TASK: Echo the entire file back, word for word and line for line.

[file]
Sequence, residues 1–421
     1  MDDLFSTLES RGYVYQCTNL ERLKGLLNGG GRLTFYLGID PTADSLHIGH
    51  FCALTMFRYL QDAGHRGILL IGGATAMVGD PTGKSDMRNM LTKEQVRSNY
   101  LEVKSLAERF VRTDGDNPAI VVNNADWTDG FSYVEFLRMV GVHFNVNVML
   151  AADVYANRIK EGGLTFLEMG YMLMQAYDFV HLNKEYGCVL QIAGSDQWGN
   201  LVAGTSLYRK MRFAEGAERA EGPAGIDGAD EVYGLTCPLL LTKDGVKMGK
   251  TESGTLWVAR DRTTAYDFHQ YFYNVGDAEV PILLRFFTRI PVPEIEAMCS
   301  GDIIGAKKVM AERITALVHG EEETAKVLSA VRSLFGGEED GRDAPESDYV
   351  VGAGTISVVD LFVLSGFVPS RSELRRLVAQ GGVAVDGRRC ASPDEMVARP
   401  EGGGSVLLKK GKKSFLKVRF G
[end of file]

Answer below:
Sequence, residues 1–421
     1  MDDLFSTLES RGYVYQCTNL ERLKGLLNGG GRLTFYLGID PTADSLHIGH
    51  FCALTMFRYL QDAGHRGILL IGGATAMVGD PTGKSDMRNM LTKEQVRSNY
   101  LEVKSLAERF VRTDGDNPAI VVNNADWTDG FSYVEFLRMV GVHFNVNVML
   151  AADVYANRIK EGGLTFLEMG YMLMQAYDFV HLNKEYGCVL QIAGSDQWGN
   201  LVAGTSLYRK MRFAEGAERA EGPAGIDGAD EVYGLTCPLL LTKDGVKMGK
   251  TESGTLWVAR DRTTAYDFHQ YFYNVGDAEV PILLRFFTRI PVPEIEAMCS
   301  GDIIGAKKVM AERITALVHG EEETAKVLSA VRSLFGGEED GRDAPESDYV
   351  VGAGTISVVD LFVLSGFVPS RSELRRLVAQ GGVAVDGRRC ASPDEMVARP
   401  EGGGSVLLKK GKKSFLKVRF G